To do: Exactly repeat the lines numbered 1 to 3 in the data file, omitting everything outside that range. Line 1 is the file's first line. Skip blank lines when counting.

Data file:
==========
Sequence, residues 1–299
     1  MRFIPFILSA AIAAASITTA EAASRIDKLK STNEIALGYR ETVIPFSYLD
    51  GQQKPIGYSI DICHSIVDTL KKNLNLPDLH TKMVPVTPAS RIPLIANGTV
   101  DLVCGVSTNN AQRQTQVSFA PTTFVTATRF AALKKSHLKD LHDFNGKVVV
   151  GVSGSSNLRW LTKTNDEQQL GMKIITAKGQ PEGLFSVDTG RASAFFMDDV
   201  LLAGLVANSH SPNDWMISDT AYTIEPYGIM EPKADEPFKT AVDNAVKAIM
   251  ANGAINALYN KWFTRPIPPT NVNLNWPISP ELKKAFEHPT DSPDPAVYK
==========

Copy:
Sequence, residues 1–299
     1  MRFIPFILSA AIAAASITTA EAASRIDKLK STNEIALGYR ETVIPFSYLD
    51  GQQKPIGYSI DICHSIVDTL KKNLNLPDLH TKMVPVTPAS RIPLIANGTV